Immunofluorescence and fluorescent confocal microscopy
To confirm whether CsCP displayed on the surface of spores, 200 μl of the treated sporulation suspension was fixed onto slides according to improved methods previously described [14, 15]. Samples were blocked with normal goat serum for 2 h at RT and incubated with rat anti-rCsCP serum (1:200) overnight at 4 °C. Following three PBS washes, Cy3-labeled goat anti-rat IgG (1:400, Invitrogen, Carlsbad, USA) was used to cover the samples smears for 1 h at RT (in dark). The samples were incubated for 3–5 min with a 4′, 6-diamidino-2-phenylindole-(DAPI)-DNA staining solution. Fluorescent images were captured using a Leica DMI4000B fluorescent microscope and a ZEISS LSM 510 META confocal microscope. The induced spores containing pEB03-CotC served as the control.
Immunogenicity analysis of subcutaneously immunized rCsCP and B.s-CotC-CsCP
Female BALB/c mice aged 6–8 weeks were purchased from the Animal Center of Sun Yat-Sen University and raised carefully in accordance with the animal care and the ethical guidelines of the National Institutes of Health.
Each BALB/c mouse was immunized subcutaneously (s.c.) with 100 μg rCsCP or the coat proteins of the B.s-CotC-CsCP spore, which were emulsified with complete Freund’s adjuvant (Sigma-Aldrich, St. Louis, USA) at the first injection. Control mice were similarly administered with an equal volume of PBS plus adjuvant. Two booster injections at 2-week intervals were performed with 50 μg of proteins or an equal volume of PBS emulsified in incomplete Freund’s adjuvant (Sigma-Aldrich, St. Louis, USA). Anti-sera were collected every 2 weeks for 4 weeks (Fig. 1a) after the final boosting, and antibody titres were determined by ELISA. All anti-sera samples were split and stored at -80 °C.
Animals, oral immunization and sample collection
Sixty mice were randomly and evenly divided into the following four groups as B.s-CotC-CsCP, BL21-CsCP, B.s-CotC and PBS. Mice were administered orally by gavage with spores (1 × 109), BL21-CsCP (equivalent CsCP as expressed by the spores), and PBS in a volume of 0.20 ml. Mice were treated three times in total (3 days each time) at biweekly intervals (Fig. 1b).
Serum samples were collected on days 5, 7, 10 and 14 after each administration. Mice were sacrificed two weeks after each oral treatment. The small intestines were isolated and washed 2–3 times with 0.4 ml sterile PBS. The residual mucus was scraped using tweezers. Gallbladders were also collected. The midsection of mouse jejuna (approximately 5–7 mm) was excised and immersed in Bouin’s solution (75% saturated picric acid solution, 25% formalin and 5% glacial acetic acid) for 24 h before histological analysis.
Detection of CsCP-specific antibodies by indirect ELISA
The levels of IgG, IgG1 and IgG2a in serum were measured by an ELISA assay as described previously [15, 27]. Plates were coated with 5 μg/ml purified rCsCP (0.05 M carbonate-bicarbonate buffer, pH 9.6) at 100 μl per well and incubated at 4 °C overnight. After washing with PBS-T three times, the plates were blocked with 5% skimmed milk for 2 h at 37 °C. After washing routine program, the plates were incubated with serum samples (1:100) for 2 h at 37 °C and subsequently with HRP-conjugated goat anti-mouse IgG (1:2000, Santa Cruz, USA), IgG1 (1:2000, Santa Cruz, USA), or IgG2a (1:2000, Invitrogen, Carlsbad, USA), respectively, for 1 h at RT. Next, 100 μl tetramethylbenzidine (TMB, BD, Franklin Lakes, USA) solution was added to the plates for 10–15 min and stopped by 50 μl of 2 M H2SO4, and the absorbance was detected at 450 nm. Before changing the incubation solution, the plates were washed with PBS-T 3 times.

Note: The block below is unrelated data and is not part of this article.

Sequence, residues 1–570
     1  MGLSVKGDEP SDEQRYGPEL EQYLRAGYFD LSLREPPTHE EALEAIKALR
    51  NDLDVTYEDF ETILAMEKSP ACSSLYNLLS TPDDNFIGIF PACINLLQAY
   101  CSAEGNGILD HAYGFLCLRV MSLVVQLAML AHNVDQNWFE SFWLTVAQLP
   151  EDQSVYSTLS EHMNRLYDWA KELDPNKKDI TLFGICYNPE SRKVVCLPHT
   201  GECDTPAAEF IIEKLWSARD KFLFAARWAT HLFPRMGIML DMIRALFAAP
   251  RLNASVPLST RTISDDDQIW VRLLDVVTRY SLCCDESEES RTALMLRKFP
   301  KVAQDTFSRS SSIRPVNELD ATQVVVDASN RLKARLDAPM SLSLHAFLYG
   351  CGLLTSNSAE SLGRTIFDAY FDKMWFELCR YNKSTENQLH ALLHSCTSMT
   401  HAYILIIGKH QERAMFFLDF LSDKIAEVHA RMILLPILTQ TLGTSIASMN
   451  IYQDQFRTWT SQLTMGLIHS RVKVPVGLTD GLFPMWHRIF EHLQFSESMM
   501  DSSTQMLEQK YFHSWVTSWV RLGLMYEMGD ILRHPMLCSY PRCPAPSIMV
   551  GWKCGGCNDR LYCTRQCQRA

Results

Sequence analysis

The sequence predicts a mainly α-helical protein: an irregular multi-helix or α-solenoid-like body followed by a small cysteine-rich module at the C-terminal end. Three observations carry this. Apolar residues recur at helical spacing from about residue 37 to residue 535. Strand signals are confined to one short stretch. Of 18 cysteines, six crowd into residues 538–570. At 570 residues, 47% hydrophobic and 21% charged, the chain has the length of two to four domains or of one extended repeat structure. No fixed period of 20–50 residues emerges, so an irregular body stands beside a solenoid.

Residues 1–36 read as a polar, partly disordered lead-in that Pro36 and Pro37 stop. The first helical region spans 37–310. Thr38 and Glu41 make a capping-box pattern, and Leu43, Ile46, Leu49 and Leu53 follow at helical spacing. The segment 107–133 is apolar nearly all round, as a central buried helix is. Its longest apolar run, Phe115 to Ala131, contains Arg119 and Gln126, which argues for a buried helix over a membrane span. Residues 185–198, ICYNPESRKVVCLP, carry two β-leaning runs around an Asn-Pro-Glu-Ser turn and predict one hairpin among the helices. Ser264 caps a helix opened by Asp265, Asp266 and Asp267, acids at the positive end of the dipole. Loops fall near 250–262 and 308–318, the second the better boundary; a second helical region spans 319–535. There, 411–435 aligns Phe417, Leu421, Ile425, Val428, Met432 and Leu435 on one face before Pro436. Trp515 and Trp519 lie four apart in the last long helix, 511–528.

Similarly, IgA levels in sera (1:20), intestinal lavage mucus (1:20), and bile (1:100) were also detected. HRP-conjugated goat anti-mouse IgA (1:2000, Southern Biotech, Birmingham, USA) was employed as a secondary antibody.
Challenge infections and protective efficacy evaluation
Metacercariae of C. sinensis were isolated from Pseudorasbora parva, captured in Shuangfeng county, Hunan, as previously described [14, 15]. Two weeks after final booster, orally immunized mice (n = 5 for each group) were challenged with 30 living C. sinensis metacercariae through intragastric administration. All mice were sacrificed at 6 weeks post-challenge infection. Liver tissues were isolated and submitted to histopathological staining.
After incubation with Bouin’s solution, mouse jejuna from each group were dehydrated, embedded in paraffin wax and sliced into 5-μm sections. The sections were rehydrated with xylene and a gradient ethanol, followed by PBS-T washing. After paraffin removal, the endogenous peroxidase sections were removed by using 3% hydrogen peroxide. The sections were soaked in 0.01 M citrate buffer to retrieve the antigens by high-pressure boiling for 10 min. The slides were blocked with normal goat serum for 1 h at RT, and incubated with goat anti-mouse IgA (1:600, Southern Biotech, Birmingham, USA) overnight at 4 °C. After washing three times with PBS, the slides were incubated with HRP-Protein A (1:4000, Invitrogen, Carlsbad, USA) at RT for 1 h. The immunoreactive signal was developed using 3, 3′-diaminobenzidine (DAB, ZSGB-BIO, China). Finally, the slides were stained with Mayer’s haematoxylin, dehydrated and mounted with neutral balsam. Images were captured under a light microscope (Carl Zeiss, Germany).
For pathological observations, the jejunum sections were stained with routine haematoxylin and eosin (HE). Liver tissue sections from C. sinensis metacercariae infected mice were performed with routine Masson staining. All specimens were viewed under a light microscope (Carl Zeiss, Germany). Liver fibrosis of each group was morphologically evaluated by using the Ishak fibrosis score .
The mucus production of jejunum was evaluated using alcian blue-periodic acid Schiff reagent (AB-PAS, Baso, China) according to the manufacturer’s protocol. Mucins were observed under a light microscope (Carl Zeiss, Germany).
Detection of biochemical indices